MB: Well, to return to ’86, I was in this sort of hot seat at the foreign desk at the New York Times when a news report came over the wire. It was a story from Yugoslavia about what you might call a “coast-to-coast” scandal. This was when the NSK graphics department, New Collectivism, submitted a particularly problematic poster to a nation-wide competition which took place every year on Tito’s birthday, part of a nation-wide celebration called Youth Day – Dan Mladosti. Part of the celebrations and ceremonies surrounding this hold-over from Tito’s cult of personality was the poster competition; what NSK did was to take a fascist poster — an image by Richard Klein depicting a bare-chested Aryan youth, marching forwards with a torch in his upraised arm. Behind him was a Nazi flag. It was called “The Third Reich.” Well, NSK took this iconography and changed only a few things. They put a white dove of peace in the foreground; they substituted the Nazi flag with a Yugoslav flag, and changed a few other symbols — but it was the same guy really. They then submitted it to this competition and won first prize! It was only when it had been reproduced in newspapers all over the country that someone noticed it’s origins. Now the genius of this action was that it was the state-judges — the ones who had appointed themselves the guardians of what was and was not correct for Yugoslav youth culture — who choose that image. Nobody forced them. You might say that NSK caught them with their pants down — or that NSK was the agent of their taking their pants down, in full view of the nation. Instead of being used to further state goals the tables were effectively turned, and NSK used the state judges to illustrate a very specific and crisp point about the close relationship between Nazi art and any State art — be it Socialist or whatever. And by the way, the theme of the competition was to choose an image “most appropriate to the future aspirations of Yugoslav youth.” So in retrospect this was a particularly grim form of prophecy. Anyway, when this news story arrived at the New York Times foreign desk, the Foreign Editor read it and asked, to nobody in particular: “Is this a cultural story or a political story?” I read it and I thought “my God, these people are really interesting.” Because I immediately understood this was not simply some neo-Nazi behavior. In fact, they had deployed Nazi iconography as a weapon within a larger cultural war. My previous interest in the so-called “soc-art”– which generally had far more overt layers of irony to it than NSK’s provocations — and in various other strategies used to undermine or oppose state power within the arts in the Eastern half of Europe had prepared me to see that this was an absolutely sophisticated avant-garde attack on the system. If you approach NSK from the vantage-point of their being all about manipulation, you see the brilliance of that action. Instead of artists being used by the state, they succeeded in using the state for their art. And that is their originality. It was all there in the foreign editor’s rhetorical question: “is it a political story or a cultural story?” And in fact that is what cuts straight to the bone. What’s the difference, anyway? What is the role of the so-called avant-garde at the end of the century? Godard said that artists are inmates who bang their dishes against the bars of their prison. Instead of destroying the prison, they make a sound which, in the final analysis, reassures the warden. And the noise is then cited as proof of the system’s liberalism. Well, NSK subverted all that within the Yugoslav context. They became state artists, “more state than the state” itself. They made everyone uncomfortable. Ideology suddenly became necessary again, like a hair-shirt; a position pro or contra was required, overnight. In my film I’m trying to point out that this is the so-called “hidden transgression” at the center of the NSK-movement. In the film Slavoj Zizek illustrates another hidden reversal by giving the example of a small American town in the South in the thirties. The beatings of African-Americans at night by the KKK was, of course, officially perfectly illegal but in fact whites who didn’t go along with it and support the “unofficial” war on their fellow citizens were ridiculed and excluded from social acceptance. In fact, they were in danger as well. Zizek’s point is that, within Socialist Slovenia anyway, Laibach brought this type of hidden transgression, this social mechanism into the open for all to see — which is a place not good for “hidden transgressions”, of course. They have to stay in the shadows. In my film I took Zizek’s concept a little further, or I should say I found another application for it, I think. NSK not only is visible pointing out that the power and the ideas of the avant-garde of the early 20th century were taken over by political movements; they themselves can be seen reclaiming the legacy, turning the tables once again by employing the signs and tropes of religious and political totalitarianism as the stuff of their art. We should remember that initially the avant garde collaborated with the state; only later was it usurped and destroyed or broken. The artists-in-chief became one of two people: Hitler or Stalin. The state became a dystopian work of art and that was the end of the utopian avant-garde. But NSK performed their hidden transgression: they made ideology and religion serve their work. The most successful example of this, I would say, was the poster-scandal we already got into. Though there are many others. I can’t think of any other art-action, with the possible exception of Orson Welles’ Martian landings, which created such a nation-wide scandal and hysteria. It was quite an achievement for a bunch of scruffy miner’s kids. At the time I imagined Duchamp and the others sitting up in their graves and applauding.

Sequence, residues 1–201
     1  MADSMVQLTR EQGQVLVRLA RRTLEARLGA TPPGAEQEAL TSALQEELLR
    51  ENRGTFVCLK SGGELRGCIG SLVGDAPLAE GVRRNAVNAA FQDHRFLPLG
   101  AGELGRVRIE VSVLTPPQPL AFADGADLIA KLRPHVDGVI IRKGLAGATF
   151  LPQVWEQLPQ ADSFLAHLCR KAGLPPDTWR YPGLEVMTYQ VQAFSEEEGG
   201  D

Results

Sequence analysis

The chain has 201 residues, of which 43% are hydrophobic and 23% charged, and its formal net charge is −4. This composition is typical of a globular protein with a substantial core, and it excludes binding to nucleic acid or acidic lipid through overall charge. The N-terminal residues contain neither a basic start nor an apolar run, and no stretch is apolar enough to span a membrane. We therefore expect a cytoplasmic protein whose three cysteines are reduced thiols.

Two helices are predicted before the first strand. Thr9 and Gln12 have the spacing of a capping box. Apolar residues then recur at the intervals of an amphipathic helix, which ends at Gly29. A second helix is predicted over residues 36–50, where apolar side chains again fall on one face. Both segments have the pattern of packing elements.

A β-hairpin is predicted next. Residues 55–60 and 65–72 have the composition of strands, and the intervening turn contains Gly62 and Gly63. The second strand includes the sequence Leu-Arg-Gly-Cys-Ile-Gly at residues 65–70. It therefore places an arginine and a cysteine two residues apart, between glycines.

AS: In your film you don’t seem to criticize the NSK-strategies, you rather situate and explain them within the Slovenian and European context, within the 20th century.